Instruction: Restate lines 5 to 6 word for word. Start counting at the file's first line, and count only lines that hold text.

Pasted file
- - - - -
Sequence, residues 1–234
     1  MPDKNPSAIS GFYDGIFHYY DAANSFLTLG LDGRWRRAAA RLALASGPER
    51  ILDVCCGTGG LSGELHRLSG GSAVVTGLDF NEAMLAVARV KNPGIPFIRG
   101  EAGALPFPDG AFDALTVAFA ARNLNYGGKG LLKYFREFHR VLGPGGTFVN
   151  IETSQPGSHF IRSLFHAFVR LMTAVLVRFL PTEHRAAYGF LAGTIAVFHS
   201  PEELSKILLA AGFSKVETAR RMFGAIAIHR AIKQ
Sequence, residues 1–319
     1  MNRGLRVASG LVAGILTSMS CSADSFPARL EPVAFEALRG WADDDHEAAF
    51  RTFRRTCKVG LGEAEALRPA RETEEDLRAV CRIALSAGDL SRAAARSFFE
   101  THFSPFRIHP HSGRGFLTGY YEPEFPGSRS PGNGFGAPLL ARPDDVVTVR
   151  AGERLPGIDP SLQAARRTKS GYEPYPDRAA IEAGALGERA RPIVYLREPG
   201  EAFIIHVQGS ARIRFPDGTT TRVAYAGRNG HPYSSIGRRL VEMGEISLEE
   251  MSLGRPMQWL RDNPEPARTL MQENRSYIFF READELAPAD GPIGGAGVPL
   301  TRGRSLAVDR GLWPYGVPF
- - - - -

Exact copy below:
   151  IETSQPGSHF IRSLFHAFVR LMTAVLVRFL PTEHRAAYGF LAGTIAVFHS
   201  PEELSKILLA AGFSKVETAR RMFGAIAIHR AIKQ